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October 21, 2009


by Bill Cary

For a change of pace - and to draw attention to New Rochelle's fancy-pants new downtown - this year "Accent on New Rochelle," the annual house tour sponsored by Sound Shore Medical Center, will feature two showcase apartments in the new 40-story Avalon on the Sound East. The one-day tour, which takes place Oct. 25, also lets you into five private homes throughout the city, including one once owned by Monty Hall, of "Let's Make a Deal" fame. (And yes, the home has three front entrances, as in Door No. 1, 2 or 3.)

Last year, the tour took place in May and raised $50,000 for the medical center's Solomon Katz Breast Center. This year, in order to coincide with Breast Cancer Awareness Month, organizers moved the event to October. As always, proceeds will benefit the breast center.

The Avalon apartments have been expertly decorated as part of the New Rochelle Business Improvement District's Downtown Showcase, a series of promotional events organized by Ralph DiBart, executive director of the BID. House tour organizers thought the apartments would be a good fit for the tour.

"Our goal is to publicize urban downtown living, the idea that you can get all you need right outside your door, all within walking distance," says DiBart.

To prove his point, DiBart set a few ground rules for the six local designers who staged the apartments. First, everything they used - furniture, artwork, wall mirrors, even throw pillows - had to come from downtown New Rochelle businesses. A huge challenge given that the city is not exactly a design mecca known for furniture shops and fancy boutiques.

"They did it - we were able to be 100 percent local, even the painters," he says.

Second, they could only make minor changes to the rental apartments, and finally, they had to design units for imaginary client families, which DiBart created for them.

For example, for three-bedroom unit 23K, four designers had to create a home for Rob and Laura Lawton, an imaginary couple who grew up in New Rochelle and then moved to New York City. They are renting so that their teenage son and 5-year-old daughter can go to New Rochelle schools while they look for a home to buy. The imaginary couple in 24A, the two-bedroom unit on the tour, are a little younger and hipper. They don't have children.

Both apartments offer breathtaking views of Long Island Sound and much of lower Westchester, with floor-to-ceiling windows in nearly every room. That fantastic view of the water served as the initial inspiration for Venera Evanko and Lynn Breindel, who teamed up in 23K to decorate the foyer, kitchen, dining area and living room.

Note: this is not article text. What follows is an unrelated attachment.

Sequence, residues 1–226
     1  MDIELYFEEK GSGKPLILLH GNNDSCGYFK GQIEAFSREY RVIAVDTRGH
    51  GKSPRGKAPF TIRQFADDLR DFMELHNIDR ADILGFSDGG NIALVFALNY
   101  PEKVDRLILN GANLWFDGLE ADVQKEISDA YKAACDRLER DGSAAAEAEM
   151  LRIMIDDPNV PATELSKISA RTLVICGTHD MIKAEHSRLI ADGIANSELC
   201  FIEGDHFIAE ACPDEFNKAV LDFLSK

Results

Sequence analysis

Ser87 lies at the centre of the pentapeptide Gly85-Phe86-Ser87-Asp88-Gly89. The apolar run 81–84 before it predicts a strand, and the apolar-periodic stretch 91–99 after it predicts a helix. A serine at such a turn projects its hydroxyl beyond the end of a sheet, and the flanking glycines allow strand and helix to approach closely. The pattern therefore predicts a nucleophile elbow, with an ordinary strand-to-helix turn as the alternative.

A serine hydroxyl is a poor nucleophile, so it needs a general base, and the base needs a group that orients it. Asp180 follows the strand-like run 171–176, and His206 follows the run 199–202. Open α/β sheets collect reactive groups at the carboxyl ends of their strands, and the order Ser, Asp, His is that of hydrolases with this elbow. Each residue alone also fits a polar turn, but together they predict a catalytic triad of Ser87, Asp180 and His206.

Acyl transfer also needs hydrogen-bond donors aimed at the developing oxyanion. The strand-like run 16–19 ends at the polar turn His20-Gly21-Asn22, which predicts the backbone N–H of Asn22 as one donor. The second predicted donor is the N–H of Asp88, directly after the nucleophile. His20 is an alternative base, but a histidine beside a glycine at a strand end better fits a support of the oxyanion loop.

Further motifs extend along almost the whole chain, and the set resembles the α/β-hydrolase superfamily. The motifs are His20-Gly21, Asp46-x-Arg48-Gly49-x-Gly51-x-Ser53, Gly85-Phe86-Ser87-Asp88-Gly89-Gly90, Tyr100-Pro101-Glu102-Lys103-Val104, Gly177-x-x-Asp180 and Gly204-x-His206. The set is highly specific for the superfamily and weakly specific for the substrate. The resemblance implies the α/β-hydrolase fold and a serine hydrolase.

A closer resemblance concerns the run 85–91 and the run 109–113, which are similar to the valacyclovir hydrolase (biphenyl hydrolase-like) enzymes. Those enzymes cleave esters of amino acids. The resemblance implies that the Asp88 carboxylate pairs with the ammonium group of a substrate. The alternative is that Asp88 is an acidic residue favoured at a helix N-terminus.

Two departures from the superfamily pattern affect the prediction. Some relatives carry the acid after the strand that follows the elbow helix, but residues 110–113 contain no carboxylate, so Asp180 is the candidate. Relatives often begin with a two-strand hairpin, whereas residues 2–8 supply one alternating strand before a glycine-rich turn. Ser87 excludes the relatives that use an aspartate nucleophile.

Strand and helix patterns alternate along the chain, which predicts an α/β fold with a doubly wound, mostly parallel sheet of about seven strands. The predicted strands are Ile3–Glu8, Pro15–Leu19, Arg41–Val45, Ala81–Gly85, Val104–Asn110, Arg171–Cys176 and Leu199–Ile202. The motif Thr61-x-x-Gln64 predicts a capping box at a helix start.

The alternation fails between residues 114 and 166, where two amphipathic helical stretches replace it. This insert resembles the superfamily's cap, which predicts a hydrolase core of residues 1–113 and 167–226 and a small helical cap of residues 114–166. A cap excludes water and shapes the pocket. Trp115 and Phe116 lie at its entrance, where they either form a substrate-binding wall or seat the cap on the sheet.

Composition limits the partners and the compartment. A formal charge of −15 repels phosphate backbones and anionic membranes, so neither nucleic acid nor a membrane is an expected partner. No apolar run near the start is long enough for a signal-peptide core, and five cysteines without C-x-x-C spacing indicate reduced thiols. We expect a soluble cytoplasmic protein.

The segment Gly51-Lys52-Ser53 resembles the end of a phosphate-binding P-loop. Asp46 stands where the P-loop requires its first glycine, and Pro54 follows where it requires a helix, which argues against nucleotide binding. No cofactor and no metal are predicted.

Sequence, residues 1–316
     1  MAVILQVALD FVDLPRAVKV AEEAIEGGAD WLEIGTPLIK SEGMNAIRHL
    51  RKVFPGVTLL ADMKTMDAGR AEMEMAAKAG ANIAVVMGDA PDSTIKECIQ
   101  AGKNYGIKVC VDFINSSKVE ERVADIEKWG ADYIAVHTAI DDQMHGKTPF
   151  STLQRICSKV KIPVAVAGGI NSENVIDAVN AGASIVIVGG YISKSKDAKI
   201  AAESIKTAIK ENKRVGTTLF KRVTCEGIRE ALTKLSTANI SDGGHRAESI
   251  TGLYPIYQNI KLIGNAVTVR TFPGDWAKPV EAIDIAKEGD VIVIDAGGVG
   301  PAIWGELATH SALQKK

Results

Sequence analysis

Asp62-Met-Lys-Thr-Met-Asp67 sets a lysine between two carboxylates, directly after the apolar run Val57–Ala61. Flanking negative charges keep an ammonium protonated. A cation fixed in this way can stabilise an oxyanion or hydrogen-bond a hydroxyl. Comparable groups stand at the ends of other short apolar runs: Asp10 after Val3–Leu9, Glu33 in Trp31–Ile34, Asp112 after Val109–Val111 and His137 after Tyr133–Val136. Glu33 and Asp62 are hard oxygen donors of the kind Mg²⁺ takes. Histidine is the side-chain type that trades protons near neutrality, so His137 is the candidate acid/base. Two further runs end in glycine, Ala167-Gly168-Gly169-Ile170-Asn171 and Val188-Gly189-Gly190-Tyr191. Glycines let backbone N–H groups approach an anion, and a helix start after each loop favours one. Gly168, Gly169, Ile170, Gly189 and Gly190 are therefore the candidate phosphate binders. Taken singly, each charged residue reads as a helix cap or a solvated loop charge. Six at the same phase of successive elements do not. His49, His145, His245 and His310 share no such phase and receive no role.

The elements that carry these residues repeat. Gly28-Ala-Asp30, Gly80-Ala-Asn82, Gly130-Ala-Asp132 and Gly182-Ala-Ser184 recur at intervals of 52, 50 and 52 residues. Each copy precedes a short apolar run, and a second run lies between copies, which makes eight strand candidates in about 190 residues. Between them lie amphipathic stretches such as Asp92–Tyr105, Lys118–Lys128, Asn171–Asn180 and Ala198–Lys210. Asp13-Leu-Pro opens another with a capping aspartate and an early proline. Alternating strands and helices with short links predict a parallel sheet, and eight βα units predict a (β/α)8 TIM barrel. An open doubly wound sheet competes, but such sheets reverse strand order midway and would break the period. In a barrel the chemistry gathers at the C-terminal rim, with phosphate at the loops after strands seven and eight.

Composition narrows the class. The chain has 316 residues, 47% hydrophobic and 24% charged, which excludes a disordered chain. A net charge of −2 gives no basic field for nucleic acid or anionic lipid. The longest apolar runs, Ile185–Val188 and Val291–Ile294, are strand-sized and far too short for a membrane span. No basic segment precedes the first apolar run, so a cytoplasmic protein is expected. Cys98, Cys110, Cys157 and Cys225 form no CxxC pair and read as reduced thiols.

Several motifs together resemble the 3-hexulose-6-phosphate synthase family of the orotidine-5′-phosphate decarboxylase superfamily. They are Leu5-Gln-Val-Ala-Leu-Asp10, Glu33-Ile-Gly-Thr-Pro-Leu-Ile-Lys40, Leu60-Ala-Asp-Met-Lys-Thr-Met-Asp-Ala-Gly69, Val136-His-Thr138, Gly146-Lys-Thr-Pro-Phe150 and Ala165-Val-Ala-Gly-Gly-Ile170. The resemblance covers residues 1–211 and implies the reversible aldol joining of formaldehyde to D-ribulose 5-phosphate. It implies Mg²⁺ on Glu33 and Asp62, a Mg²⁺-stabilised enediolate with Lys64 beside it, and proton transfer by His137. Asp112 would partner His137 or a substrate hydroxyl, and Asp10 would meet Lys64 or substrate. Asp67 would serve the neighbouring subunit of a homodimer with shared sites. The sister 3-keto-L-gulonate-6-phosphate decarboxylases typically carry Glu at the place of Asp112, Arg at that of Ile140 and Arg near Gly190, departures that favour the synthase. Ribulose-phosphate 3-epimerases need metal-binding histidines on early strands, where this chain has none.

To echo the water view, they chose a serene robin's egg blue for the walls. A large abstract sunset by Robert Meyers from the Backstreet Gallery on Lawton Street, serves as the centerpiece for the living-room wall. They filled the rest of the rooms with a mix of new furniture from TF Andrew Carpet One on Main Street and old pieces from Consign It on Main, a high-end used-furniture and antique shop on Main Street.

The designers felt like the imaginary Lawtons, who are sophisticated opera lovers, would already have several old pieces, perhaps from their families, and would just need to fill in with a few new items. For the house tour, the kitchen and dining room will be set up for a post-opera supper.

Evanko and Breindel turned to Lumia Decorators on Main Street for accent pillows and the Curtain Shop, also on Main, for sheer draperies. They weren't allowed to remove the blinds from the windows so they cleverly wrapped them in fabric.

Four antique chandeliers from Consign It on Main add a classy feel to the apartment and help to unify the spaces.

Like the other designers, Evanko says she was "pleasantly surprised" by what they were able to find in local stores once they started shopping.

Of course, a little creativity helps, especially given the apartments' small quarters: The three-bedroom unit is just 1,315 square feet, and the two-bedroom unit measures 1,090 square feet.

"You can't fit a queen-size bed in the master bedroom," says designer Tim McVey, referring to the three-bedroom unit. So instead he chose a full-size bed and limited the other furniture to a few small tables, a Victorian side chair from Consign It on Main and a new dark-brown wooden dresser from TF Andrew Carpet One.

"I liked the feel of it because it doesn't feel new," he says. "New tends to have less character."

For the overall feel of the room, "I was going for a little eclectic, a little Asian, a little beachy," McVey says.

Designer Michelle Sanchez-Boyce created a completely different atmosphere for the children's rooms. To set a playful tone, she chose vivid colors for the walls - hot pink with coral undertones for Olivia's room, a rich medium blue for her brother's.

"I wanted a really bold, magical, fun feel for her room," Sanchez-Boyce says.

A huge stuffed zebra hanging in one of the windows adds a whimsical touch. "It looks magical at night," she says.

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